Ozone – The Other Oxygen: A Brief Discussion

Chemistry, Physics
Ozone (O3), a triatomic form of the ordinarily diatomic oxygen (O2), is a curious species. We will discuss some of ozone's curious physical properties. We will not include information related to health or the environment. Molecular Bonding Just as it takes two points to determine a straight line, diatomic oxygen is also linear. It's bond length is 1.208 Å (equal to 120.8 pm). Ozone is not linear; it is bent at an angle of 116.8o, which is greater than the measure of the angle for a water molecule, 104.5o. Comparing Boiling Points The third oxygen atom plus the relatively large angle suggests ozone should boil at a higher temperature than oxygen. In fact, this is the case. This is because the bent ozone molecules, as seen in the illustration, produces…
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How Many Different Kinds of Water – Water Isotopes – are In Your Glass?

Food, Health
[caption id="attachment_23779" align="alignright" width="480"] Water. Just water. Image by Rollingroscoe.[/caption] The woman of the house comes out of her garden. Having worked for hours, she has a “powerful” thirst that only a glass of water can quench. She opens the freezer door, clinks a few cubes of ice into her glass, and then turns to the sink and fills the voids between the cubes with pure water from the tap. Water consists of two hydrogen atoms and one oxygen atom – H2O. At first thought, it would seem there should only be one kind of water. This is not accurate, however. That is so because there are isotopes of both hydrogen and oxygen. To understand what an isotope is, it is important to realize that the number of protons in…
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Comparing Hemoglobin and Chlorophyll

Biology, Medicine
[caption id="attachment_7766" align="alignright" width="440"] Hemoglobin tetramer ribbon CC-by-SA3.0 Zephyris[/caption] Are there similarities between the plant and animal world, for instance, between hemoglobin and chlorophyll? In nature, one can expect many parallels. Many animals have four feet. There are apes, lions, camels, and tortoises. Are all these related? Not really. Again, nearly all animals have two eyes in their head. Is there significance beyond the fact that this enables stereoscopic vision along an excellent line-of-sight? And so we come to the two substances most closely associated with life processes: the chlorophyll of plant life and the hemoglobin of animal life. Chlorophyll produces the food plants need for survival. Hemoglobin carries nutrients and oxygen essential to animal life. Although animals and plants are different, there are interesting parallels to be seen in…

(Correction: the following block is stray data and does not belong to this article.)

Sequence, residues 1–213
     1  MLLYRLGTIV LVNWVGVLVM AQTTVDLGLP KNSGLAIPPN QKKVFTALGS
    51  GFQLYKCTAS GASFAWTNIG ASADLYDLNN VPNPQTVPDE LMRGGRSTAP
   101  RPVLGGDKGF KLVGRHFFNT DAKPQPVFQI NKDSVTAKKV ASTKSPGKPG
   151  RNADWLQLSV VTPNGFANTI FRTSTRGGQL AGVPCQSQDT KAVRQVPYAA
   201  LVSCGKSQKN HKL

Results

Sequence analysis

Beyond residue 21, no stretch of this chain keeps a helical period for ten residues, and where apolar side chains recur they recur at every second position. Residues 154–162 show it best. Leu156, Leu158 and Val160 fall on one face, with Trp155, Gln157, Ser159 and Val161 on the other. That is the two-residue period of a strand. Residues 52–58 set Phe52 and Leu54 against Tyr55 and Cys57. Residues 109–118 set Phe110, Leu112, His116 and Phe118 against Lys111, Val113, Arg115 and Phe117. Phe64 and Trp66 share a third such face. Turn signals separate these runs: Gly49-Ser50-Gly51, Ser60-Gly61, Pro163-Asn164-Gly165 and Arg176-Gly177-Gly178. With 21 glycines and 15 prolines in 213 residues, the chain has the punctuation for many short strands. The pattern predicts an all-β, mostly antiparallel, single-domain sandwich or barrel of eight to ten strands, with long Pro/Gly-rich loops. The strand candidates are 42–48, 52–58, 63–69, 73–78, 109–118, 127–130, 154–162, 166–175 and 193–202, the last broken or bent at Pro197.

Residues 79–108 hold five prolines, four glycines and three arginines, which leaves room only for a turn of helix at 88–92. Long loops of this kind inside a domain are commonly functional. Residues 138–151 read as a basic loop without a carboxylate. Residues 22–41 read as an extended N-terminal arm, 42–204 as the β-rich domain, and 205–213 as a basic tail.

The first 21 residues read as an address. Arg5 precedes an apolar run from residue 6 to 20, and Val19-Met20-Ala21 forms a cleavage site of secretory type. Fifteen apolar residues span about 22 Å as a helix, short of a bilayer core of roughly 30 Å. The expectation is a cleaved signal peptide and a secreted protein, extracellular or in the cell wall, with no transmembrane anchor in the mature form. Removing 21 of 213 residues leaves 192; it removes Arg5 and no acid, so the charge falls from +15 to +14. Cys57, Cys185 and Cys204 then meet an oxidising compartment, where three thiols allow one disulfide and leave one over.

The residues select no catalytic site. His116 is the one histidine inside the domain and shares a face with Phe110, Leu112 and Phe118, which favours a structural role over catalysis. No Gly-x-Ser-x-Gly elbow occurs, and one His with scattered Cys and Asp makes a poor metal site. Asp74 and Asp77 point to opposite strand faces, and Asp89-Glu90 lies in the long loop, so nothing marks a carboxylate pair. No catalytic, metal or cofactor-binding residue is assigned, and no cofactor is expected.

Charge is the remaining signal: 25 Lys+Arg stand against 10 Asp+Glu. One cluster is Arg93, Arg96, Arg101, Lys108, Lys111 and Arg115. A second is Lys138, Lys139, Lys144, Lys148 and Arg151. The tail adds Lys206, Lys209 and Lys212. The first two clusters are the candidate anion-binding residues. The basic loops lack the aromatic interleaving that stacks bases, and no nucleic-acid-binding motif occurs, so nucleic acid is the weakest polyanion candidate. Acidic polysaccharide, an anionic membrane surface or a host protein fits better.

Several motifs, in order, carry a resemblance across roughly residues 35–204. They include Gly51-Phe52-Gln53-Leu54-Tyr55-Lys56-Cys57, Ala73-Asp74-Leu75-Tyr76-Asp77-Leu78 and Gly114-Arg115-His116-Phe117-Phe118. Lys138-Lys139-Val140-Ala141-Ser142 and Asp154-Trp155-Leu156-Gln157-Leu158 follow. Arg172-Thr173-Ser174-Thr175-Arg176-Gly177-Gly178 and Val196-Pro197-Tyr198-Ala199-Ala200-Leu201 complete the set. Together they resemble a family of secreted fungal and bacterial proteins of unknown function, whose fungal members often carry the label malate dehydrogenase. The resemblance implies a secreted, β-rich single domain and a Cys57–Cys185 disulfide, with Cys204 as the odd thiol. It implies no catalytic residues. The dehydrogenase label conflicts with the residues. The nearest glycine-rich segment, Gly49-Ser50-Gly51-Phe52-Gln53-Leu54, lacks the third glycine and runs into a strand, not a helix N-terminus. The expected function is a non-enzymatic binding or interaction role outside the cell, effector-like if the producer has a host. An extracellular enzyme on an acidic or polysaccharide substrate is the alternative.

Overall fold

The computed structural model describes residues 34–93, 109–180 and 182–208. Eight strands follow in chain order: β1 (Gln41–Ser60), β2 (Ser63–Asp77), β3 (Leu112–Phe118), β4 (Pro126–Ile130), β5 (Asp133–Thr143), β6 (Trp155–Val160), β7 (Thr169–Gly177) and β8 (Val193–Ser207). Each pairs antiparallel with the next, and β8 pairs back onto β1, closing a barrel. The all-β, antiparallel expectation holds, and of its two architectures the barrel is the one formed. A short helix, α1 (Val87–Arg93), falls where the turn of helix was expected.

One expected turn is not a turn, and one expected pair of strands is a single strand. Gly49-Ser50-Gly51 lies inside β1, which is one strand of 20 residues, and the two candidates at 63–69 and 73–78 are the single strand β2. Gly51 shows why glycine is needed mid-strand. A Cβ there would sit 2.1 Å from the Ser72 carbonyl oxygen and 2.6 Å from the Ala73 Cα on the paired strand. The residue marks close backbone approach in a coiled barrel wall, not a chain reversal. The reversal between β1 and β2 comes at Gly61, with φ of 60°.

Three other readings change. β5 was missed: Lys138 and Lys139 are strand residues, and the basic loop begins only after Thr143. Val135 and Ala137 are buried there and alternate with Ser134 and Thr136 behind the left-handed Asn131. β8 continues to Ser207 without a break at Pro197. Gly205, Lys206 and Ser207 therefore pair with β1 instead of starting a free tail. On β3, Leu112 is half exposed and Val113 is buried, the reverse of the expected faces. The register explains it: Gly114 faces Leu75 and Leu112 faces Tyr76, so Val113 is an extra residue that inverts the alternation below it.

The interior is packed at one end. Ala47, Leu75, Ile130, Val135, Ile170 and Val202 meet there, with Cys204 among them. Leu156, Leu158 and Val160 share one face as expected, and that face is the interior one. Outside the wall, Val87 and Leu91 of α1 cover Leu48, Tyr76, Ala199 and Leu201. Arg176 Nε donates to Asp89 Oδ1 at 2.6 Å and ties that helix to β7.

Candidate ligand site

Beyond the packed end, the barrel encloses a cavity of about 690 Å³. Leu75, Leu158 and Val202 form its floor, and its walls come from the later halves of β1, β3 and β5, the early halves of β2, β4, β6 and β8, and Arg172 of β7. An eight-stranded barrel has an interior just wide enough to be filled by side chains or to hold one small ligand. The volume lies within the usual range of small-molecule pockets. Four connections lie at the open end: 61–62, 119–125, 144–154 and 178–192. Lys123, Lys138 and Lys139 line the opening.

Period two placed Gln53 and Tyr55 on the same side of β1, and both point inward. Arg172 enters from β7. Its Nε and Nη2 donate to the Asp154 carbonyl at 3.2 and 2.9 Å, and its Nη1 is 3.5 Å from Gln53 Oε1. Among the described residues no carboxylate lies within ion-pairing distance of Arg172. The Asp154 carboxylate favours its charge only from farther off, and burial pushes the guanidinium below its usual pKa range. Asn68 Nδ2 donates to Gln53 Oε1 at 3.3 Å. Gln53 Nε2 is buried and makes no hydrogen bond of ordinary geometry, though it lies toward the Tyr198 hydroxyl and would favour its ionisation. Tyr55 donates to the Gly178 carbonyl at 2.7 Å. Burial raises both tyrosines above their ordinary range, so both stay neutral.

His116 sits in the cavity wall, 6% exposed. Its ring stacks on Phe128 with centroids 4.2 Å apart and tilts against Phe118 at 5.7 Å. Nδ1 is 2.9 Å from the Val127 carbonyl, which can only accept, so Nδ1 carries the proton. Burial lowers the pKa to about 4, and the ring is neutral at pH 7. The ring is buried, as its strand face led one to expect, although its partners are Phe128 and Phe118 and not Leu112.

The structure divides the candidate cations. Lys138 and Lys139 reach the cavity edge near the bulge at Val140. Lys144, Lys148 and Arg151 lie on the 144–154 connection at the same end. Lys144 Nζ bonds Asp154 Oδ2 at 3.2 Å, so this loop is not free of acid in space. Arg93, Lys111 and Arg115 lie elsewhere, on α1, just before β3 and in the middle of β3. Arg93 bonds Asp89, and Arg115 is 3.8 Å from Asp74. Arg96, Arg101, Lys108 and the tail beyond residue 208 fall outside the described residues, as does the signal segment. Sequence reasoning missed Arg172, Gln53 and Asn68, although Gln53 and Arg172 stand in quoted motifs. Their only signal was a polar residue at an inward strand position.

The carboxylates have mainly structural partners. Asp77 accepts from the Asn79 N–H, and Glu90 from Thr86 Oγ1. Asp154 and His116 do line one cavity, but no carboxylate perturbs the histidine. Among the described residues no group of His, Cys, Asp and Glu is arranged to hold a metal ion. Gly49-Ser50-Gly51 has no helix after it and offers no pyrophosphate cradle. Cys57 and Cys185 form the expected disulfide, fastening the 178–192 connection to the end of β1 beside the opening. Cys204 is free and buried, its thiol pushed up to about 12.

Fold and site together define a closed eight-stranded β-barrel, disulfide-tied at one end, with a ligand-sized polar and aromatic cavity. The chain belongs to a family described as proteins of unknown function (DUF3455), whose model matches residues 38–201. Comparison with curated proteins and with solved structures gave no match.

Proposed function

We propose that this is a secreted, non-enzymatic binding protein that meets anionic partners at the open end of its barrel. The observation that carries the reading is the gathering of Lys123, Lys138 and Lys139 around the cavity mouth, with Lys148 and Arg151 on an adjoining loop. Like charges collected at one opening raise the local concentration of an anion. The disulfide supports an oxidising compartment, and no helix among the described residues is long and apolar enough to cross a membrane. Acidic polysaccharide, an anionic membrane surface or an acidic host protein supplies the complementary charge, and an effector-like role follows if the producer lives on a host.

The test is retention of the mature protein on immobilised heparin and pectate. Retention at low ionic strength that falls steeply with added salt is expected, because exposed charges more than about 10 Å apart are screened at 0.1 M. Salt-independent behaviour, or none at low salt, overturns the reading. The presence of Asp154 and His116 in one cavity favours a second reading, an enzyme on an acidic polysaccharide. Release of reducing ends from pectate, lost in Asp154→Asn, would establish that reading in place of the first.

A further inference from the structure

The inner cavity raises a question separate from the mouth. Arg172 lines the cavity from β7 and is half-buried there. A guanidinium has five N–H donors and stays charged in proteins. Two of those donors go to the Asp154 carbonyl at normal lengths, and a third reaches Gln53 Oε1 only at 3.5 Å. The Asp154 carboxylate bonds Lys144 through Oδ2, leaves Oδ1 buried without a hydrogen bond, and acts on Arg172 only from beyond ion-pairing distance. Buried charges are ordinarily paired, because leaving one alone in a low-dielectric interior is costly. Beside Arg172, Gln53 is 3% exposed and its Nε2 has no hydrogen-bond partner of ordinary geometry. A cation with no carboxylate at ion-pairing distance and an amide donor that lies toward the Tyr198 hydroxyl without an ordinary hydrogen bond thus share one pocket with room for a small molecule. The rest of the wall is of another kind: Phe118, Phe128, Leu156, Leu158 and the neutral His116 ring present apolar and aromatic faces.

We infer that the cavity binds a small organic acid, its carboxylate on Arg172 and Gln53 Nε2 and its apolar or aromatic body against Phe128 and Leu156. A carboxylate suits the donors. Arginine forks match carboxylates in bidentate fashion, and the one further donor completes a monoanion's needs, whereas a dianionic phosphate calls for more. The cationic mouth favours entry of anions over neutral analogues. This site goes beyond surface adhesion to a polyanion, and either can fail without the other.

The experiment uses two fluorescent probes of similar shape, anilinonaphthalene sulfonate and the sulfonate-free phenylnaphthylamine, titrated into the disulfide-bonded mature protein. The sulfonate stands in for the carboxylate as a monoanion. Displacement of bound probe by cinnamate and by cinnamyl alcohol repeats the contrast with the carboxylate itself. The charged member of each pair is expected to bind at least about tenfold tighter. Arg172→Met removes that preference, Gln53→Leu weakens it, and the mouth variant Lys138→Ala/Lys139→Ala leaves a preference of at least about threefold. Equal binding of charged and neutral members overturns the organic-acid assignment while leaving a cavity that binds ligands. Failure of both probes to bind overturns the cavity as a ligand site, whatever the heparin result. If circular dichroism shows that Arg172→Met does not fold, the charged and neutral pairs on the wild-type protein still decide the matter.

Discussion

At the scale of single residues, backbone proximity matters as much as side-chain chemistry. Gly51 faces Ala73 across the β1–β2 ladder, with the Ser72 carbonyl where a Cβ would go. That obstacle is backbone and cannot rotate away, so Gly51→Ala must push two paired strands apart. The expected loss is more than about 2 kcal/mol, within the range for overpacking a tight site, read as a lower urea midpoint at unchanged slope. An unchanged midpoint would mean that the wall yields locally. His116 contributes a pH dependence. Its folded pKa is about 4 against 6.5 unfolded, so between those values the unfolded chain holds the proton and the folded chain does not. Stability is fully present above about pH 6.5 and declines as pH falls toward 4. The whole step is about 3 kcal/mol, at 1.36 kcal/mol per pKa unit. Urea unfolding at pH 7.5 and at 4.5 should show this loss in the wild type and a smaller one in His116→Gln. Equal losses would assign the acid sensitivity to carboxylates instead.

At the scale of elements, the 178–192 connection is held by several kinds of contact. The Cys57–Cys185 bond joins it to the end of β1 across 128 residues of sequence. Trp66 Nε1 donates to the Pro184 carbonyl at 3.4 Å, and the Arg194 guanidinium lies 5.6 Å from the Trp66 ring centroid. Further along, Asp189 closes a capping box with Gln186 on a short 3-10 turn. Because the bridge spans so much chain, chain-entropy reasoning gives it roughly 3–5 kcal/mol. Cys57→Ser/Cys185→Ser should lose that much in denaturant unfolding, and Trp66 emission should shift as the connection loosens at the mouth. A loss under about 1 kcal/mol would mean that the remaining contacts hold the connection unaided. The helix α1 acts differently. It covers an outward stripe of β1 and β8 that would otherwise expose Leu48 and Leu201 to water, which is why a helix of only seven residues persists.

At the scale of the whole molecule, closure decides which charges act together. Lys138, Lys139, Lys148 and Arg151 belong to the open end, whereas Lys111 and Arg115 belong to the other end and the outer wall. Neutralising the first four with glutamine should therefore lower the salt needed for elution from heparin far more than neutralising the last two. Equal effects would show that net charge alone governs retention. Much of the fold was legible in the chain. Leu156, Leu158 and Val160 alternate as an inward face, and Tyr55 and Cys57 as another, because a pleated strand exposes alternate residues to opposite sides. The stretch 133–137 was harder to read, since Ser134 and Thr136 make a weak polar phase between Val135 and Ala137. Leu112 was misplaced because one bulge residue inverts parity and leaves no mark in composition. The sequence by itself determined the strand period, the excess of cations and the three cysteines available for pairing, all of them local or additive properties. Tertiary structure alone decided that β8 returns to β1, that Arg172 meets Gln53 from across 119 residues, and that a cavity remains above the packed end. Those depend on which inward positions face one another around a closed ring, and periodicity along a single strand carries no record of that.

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Propane and Oxygen Combustion Question

[caption id="attachment_16612" align="alignright" width="480"] Propane[/caption] Problem: We desire to learn how much oxygen is needed to completely consume a certain quantity of propane gas. Our hydrocarbon and oxygen combustion question follows the basic reaction path, C3H8 + 5 O2 → 4 H2O + 3 CO2 If we have the following conditions: Temperature = 75 Celsius (348 Kelvin) Pressure = 720 / 760 mm = 0.95 atm Moles propane = 40.8 grams / 44.1 grams molecular weight = 0.93 moles How Much Oxygen to Burn the Propane? What volume of oxygen is needed to accomplish the burning of the 0.93 moles of the hydrocarbon? 5 times 0.93 moles of C3H8 burned = 4.65 moles of oxygen The ideal gas law reads: PV = nRT where P= the pressure, V= the volume, and…
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Which Weighs More – Wet Air or Dry Air?

[caption id="attachment_5407" align="alignright" width="440"] CCA Share Alike 3.0 Unported by Santhosh kumar[/caption] Air is mostly a mixture of gases and plus water vapor. The primary two gases are nitrogen and oxygen. We will state up front that the traces of other substances in air don’t affect the outcome of whether wet air or dry air is heavier. It all has to do with molecular weights. Nitrogen Nitrogen is a diatomic gas—chemical formula N₂. Its atomic weight is 14, therefore its molecular weight is 28. Nitrogen constitutes 78% of the atmosphere. [caption id="attachment_14807" align="alignright" width="280"] Barometer[/caption] Oxygen Oxygen is also a diatomic gas—chemical formula O₂. Its atomic weight is 16, therefore its molecular weight is 32. Oxygen constitutes 21% of the atmosphere. Dry Air Again, not considering the traces of other…
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